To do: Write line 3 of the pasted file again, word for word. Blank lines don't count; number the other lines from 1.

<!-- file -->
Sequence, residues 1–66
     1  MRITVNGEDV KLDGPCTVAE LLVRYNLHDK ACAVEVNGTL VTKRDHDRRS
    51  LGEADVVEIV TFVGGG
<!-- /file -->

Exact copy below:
    51  LGEADVVEIV TFVGGG